Icelandic volcano at risk of eruption
Yet another natural risk is hitting the headlines this morning as a volcano in Iceland is at a raised risk of erupting. The Icelandic meteorology office says there are “very strong indications of ongoing magma movement” in the region. An earthquake early on Monday morning was of the highest magnitude seen in the area since 1996 and the possibility of the Bardarbunga volcano erupting is not being ruled out. Four years ago another volcano in Iceland erupted, showering a large swath of Europe in an ash cloud. Flights to and from the continent were severely disrupted for 5 days, not just locally but internationally as flight paths were changed and busy hubs such as London Heathrow were closed. This latest risk has seen the aviation alert system raised to its second highest level – orange – indicating “escalating unrest with increased potential of eruption.” As well as being an environmental risk, these kind of incidents pose threat to supply chain, operational capability and of course people; through injury or displacement.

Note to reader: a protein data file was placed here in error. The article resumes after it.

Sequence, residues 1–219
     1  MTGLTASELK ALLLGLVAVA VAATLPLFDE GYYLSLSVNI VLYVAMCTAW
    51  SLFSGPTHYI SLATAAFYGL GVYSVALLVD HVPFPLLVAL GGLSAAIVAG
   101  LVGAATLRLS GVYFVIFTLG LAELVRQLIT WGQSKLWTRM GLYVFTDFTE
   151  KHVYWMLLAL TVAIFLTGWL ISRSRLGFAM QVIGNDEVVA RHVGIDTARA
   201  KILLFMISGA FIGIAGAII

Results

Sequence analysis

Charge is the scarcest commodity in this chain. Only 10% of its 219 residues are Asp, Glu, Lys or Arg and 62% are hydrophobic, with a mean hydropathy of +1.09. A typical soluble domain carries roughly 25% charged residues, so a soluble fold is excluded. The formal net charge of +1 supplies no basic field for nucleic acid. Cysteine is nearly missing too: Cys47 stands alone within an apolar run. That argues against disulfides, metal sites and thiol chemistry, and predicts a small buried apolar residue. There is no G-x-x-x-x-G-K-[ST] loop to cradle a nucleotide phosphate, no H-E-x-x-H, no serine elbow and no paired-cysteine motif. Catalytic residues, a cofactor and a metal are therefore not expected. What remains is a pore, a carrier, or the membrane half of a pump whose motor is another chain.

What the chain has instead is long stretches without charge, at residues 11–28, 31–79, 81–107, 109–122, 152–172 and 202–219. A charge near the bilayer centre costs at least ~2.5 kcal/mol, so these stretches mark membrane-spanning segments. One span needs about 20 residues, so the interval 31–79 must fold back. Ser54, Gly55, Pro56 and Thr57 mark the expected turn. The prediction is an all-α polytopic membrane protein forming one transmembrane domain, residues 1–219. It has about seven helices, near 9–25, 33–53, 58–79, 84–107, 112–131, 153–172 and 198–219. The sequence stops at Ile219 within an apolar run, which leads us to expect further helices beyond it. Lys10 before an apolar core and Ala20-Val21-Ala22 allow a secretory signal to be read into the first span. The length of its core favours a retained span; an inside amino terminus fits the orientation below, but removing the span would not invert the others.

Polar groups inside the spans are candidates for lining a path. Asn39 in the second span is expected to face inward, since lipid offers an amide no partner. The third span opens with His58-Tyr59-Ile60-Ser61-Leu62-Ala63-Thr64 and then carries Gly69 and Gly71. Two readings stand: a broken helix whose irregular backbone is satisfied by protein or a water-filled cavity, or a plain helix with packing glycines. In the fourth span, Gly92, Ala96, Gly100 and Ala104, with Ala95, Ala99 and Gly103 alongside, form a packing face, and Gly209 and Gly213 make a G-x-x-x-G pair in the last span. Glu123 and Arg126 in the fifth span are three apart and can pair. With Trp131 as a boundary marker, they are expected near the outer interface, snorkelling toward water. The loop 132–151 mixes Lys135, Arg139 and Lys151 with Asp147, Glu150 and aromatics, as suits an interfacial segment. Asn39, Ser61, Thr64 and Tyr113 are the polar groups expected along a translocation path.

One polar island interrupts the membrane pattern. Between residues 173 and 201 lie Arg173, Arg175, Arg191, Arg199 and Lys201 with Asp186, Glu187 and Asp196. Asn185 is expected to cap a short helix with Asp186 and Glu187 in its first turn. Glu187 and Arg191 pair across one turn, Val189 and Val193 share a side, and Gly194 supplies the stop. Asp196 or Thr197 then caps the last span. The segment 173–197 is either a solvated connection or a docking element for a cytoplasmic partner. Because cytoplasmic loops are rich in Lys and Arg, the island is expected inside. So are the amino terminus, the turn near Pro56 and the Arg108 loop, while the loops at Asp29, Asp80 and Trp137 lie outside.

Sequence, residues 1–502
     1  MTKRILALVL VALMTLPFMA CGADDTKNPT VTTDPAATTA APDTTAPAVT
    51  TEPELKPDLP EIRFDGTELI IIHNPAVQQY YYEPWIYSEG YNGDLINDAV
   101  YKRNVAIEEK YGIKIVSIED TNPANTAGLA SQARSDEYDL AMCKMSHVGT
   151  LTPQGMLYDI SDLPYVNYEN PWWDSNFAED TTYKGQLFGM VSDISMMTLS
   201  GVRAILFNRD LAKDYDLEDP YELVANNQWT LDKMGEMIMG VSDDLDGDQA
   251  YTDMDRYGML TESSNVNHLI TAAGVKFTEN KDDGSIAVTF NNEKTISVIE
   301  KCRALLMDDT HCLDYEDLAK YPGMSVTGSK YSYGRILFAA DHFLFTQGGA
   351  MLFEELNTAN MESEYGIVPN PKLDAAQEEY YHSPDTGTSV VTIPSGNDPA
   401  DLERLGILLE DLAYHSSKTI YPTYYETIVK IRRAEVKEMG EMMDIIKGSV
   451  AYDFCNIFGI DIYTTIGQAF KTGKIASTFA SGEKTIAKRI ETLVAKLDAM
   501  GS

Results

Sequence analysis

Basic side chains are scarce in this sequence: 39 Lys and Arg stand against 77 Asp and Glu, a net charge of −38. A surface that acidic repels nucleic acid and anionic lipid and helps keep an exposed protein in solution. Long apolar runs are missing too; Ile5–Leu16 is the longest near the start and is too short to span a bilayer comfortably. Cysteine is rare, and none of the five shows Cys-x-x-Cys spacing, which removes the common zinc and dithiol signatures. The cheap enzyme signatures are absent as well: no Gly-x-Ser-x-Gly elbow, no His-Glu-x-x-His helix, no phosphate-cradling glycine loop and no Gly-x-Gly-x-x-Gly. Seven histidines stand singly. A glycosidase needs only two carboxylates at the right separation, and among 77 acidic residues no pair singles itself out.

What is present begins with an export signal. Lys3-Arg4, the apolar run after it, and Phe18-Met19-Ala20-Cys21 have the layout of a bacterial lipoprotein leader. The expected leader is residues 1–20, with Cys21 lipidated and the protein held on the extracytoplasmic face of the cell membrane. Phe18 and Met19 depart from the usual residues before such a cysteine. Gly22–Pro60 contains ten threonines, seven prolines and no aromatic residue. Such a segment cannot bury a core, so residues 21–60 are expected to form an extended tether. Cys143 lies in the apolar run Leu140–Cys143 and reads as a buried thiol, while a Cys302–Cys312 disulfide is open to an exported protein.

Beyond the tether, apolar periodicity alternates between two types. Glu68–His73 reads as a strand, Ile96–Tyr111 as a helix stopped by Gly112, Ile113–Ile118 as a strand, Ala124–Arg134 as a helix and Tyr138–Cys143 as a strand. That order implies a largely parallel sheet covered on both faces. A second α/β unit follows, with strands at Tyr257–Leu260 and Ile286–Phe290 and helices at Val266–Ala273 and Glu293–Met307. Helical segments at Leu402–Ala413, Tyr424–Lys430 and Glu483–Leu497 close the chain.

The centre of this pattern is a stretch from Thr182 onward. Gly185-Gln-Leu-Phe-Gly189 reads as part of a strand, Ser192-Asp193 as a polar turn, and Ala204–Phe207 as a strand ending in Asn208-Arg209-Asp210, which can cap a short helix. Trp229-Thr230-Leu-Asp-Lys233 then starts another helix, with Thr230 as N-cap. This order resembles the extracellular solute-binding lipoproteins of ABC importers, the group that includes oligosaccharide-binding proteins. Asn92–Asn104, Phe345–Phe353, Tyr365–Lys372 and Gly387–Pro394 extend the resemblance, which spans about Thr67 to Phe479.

Canada’s professionals certain of cyber attack
A survey of IT professionals in Canada reveals that a third are certain that they have been subjected to a cyber attack in the last year, that could put their data or that of their clients at risk. More than half of those polled also say that not all of the threats are detected. These are scary numbers, considering that this is not a random selection of businesses; they are IT professionals. A separate study by Statistics Canada a few months ago, of a more general business spectrum, showed that 6 per cent had suffered a cyber attack, but a larger percentage may not know that they had. Experts advise companies to ensure they rank cyber security highly in their risk assessments and have strong policies and contingencies in place to mitigate damage caused.
Widow gets life insurance payout for husband she’s accused of killing
The widow of Texas trucking magnate Bill Hall Jr. is to receive more than $300,000 from her deceased husband’s life insurance policy while awaiting trial for his murder. It’s reported that Frances A. Hall was awarded the settlement by a probate judge after her children gave up any claim on the money and said that their mother should have it. They do not blame her for their father’s death, believing it to be an accident. She denies murder. The Texas Insurance Code states that a person believed to be involved in the death of the insured cannot claim the proceeds of the policy. Probate lawyers have said the case is highly unusual and are baffled by the decision of the court. If Mrs Hall is found guilty of the charges then she would have to forfeit the payout, which would then go to her children. Read the full story.